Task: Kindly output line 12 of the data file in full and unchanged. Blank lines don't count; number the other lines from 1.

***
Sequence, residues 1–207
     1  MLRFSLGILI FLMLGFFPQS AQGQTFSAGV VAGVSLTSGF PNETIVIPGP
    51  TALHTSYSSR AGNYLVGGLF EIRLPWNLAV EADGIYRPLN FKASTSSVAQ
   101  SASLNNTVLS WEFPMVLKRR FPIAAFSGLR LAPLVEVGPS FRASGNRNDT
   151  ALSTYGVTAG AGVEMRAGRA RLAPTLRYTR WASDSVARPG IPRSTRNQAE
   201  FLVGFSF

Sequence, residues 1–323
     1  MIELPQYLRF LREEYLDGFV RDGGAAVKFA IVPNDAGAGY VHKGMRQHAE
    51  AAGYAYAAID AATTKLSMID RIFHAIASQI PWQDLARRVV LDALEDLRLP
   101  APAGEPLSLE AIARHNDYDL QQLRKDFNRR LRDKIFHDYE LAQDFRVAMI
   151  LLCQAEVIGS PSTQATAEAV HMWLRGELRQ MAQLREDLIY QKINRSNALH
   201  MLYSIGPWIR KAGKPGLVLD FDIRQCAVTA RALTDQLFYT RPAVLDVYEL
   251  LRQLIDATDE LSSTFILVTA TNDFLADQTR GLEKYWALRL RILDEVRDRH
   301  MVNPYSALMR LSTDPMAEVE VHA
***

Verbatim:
   201  MLYSIGPWIR KAGKPGLVLD FDIRQCAVTA RALTDQLFYT RPAVLDVYEL